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Please be aware that this old REACH registration data factsheet is no longer maintained; it remains frozen as of 19th May 2023.

The new ECHA CHEM database has been released by ECHA, and it now contains all REACH registration data. There are more details on the transition of ECHA's published data to ECHA CHEM here.

Diss Factsheets

Toxicological information

Basic toxicokinetics

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Administrative data

basic toxicokinetics
Type of information:
other: review article
Adequacy of study:
key study
2 (reliable with restrictions)
Rationale for reliability incl. deficiencies:
data from handbook or collection of data
Justification for type of information:
Recent peer reviewed summary of available toxicological and adverse health effect informaiton for manganese

Data source

Reference Type:
review article or handbook
Williams, M, McClure, PR
Bibliographic source:
Agency for Toxic Substances and Disease Registry, U.S. DEPARTMENT OF HEALTH AND HUMAN SERVICES

Materials and methods

Principles of method if other than guideline:
No guideline required
GLP compliance:
not specified

Results and discussion

Toxicokinetic / pharmacokinetic studies

Details on absorption:
Manganese is required by the body and is found in virtually all diets. Adults consume between 0.7 and 10.9 mg of manganese per day in the diet, with higher intakes for vegetarians who may consume a larger proportion of manganese-rich nuts, grains, and legumes than non-vegetarians. Manganese intake from drinking water is substantially lower than intake from food. Following inhalation exposure, manganese can be transported into olfactory or trigeminal presynaptic nerve endings in the nasal mucosa with subsequent delivery to the brain, across pulmonary epithelial linings into blood or lymph fluids, or across gastrointestinal epithelial linings into blood after mucociliary elevator clearance from the respiratory tract.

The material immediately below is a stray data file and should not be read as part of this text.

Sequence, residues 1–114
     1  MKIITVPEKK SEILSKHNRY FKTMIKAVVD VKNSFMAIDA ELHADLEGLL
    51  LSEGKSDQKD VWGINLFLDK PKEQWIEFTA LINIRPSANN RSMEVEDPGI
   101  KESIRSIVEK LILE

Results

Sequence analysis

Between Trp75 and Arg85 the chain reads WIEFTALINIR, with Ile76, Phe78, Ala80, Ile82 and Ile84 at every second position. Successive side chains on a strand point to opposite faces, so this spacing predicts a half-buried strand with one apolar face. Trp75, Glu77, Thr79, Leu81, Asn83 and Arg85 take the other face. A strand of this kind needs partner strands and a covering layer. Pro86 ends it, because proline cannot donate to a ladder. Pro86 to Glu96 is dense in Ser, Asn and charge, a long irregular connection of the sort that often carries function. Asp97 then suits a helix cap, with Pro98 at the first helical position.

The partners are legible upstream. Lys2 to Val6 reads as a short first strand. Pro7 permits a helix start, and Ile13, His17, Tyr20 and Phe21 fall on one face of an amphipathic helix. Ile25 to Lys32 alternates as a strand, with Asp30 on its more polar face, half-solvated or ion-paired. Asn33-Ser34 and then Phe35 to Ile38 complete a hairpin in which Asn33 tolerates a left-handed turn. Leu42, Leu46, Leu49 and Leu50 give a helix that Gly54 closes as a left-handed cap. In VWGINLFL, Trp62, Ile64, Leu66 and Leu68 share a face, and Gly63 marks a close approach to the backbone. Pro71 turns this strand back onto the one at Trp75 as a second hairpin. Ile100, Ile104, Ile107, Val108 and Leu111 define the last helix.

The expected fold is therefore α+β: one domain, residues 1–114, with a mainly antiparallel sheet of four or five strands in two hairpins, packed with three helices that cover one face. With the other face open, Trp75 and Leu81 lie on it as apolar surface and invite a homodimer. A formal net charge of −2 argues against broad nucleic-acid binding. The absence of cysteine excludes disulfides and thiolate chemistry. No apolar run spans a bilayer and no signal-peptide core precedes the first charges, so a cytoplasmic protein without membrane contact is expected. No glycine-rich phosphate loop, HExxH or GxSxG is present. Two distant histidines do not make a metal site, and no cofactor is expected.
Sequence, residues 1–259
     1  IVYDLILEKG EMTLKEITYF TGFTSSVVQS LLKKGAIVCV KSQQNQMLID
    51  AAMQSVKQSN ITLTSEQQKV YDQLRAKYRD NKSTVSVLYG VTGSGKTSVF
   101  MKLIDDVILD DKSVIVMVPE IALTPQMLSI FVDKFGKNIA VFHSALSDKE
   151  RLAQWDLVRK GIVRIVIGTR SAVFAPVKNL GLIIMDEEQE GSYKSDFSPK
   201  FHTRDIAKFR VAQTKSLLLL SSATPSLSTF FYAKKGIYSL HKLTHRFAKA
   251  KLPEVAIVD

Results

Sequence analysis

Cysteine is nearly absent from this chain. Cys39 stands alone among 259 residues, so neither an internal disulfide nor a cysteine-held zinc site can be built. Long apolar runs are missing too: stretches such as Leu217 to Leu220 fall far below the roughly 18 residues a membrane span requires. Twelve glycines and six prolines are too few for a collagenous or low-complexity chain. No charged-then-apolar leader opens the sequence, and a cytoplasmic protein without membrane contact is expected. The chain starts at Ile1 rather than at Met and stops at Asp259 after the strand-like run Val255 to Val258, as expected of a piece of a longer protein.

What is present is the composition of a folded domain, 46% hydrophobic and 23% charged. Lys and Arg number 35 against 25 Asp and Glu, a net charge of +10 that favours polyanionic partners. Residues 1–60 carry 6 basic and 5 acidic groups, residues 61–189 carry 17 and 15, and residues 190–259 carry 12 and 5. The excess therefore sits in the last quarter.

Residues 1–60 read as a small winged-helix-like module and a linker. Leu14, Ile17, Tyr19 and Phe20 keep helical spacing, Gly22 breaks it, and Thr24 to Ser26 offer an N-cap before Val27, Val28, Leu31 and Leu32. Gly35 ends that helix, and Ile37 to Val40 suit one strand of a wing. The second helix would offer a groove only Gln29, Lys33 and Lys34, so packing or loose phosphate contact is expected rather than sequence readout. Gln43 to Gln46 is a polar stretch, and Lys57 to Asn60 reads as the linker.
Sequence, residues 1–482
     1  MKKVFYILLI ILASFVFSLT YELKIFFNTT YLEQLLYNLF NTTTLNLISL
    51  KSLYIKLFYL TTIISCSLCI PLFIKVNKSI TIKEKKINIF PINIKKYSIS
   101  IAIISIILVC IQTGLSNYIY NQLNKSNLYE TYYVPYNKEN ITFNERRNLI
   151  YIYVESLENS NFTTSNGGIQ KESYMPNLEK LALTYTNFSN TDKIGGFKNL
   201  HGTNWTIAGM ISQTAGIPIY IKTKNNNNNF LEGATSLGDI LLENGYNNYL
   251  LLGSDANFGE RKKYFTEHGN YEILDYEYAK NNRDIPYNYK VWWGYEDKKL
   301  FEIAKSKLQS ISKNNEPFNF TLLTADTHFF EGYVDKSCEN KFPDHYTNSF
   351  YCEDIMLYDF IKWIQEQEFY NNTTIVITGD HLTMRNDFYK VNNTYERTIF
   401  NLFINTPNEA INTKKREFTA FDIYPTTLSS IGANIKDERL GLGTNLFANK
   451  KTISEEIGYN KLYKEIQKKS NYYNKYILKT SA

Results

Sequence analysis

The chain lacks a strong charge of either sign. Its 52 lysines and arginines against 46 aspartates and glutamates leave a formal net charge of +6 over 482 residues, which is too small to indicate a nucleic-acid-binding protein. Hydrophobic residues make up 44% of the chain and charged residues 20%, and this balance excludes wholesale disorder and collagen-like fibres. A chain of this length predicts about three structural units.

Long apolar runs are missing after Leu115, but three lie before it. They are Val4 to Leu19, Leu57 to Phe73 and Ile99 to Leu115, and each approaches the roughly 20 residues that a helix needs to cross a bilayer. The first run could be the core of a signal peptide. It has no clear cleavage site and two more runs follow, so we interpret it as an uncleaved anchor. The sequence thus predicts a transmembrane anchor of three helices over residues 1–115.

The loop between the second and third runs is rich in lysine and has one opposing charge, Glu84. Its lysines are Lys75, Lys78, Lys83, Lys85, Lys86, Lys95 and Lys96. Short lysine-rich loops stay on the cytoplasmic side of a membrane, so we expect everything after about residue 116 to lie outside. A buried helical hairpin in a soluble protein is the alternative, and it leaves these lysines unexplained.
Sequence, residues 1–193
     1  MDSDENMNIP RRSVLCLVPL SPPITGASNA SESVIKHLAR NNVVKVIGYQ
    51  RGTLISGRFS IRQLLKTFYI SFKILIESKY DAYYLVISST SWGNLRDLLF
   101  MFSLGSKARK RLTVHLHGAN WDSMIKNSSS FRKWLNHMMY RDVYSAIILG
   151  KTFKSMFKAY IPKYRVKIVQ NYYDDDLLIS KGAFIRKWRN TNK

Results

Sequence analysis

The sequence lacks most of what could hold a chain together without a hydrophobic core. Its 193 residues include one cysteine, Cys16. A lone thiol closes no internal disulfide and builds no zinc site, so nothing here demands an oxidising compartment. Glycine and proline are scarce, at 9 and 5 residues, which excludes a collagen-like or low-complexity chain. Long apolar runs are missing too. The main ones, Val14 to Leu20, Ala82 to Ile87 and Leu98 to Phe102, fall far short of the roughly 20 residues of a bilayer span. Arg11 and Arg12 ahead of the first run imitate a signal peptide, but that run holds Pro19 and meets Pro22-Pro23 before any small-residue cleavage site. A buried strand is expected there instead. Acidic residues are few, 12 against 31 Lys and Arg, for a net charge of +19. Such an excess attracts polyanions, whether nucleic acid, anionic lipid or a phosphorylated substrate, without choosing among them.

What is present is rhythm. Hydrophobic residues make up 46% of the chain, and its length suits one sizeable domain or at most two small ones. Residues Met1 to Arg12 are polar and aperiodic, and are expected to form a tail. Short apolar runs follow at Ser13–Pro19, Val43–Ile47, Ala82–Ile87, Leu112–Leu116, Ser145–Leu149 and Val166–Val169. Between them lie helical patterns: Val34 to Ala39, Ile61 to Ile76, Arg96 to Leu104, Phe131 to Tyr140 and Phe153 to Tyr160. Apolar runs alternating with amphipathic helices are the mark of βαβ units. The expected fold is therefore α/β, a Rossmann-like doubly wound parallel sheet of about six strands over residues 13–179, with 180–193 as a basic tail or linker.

Details on distribution in tissues:
Manganese is found in the brain and all other mammalian tissues, with some tissues showing higher accumulations of manganese than others. For example, liver, pancreas, and kidney usually have higher manganese concentrations than other tissues.
Details on excretion:
The principal route of elimination of manganese from the body is fecal elimination via hepatobiliary excretion; contributions from pancreatic, urinary, and lactational elimination are expected to be small. Excess manganese is expected to be eliminated from the body rapidly.

Applicant's summary and conclusion

Interpretation of results (migrated information): low bioaccumulation potential based on study results
Even though daily dietary intake of manganese can vary substantially, adult humans generally maintain stable tissue levels of manganese through the regulation of gastrointestinal absorption and hepatobiliary excretion. Evidence from studies in humans indicates that inhalation exposure to high levels of manganese compounds (usually manganese dioxide, but also compounds with Mn(II) and Mn(III)) can lead to a disabling syndrome of neurological effects referred to as ‘manganism.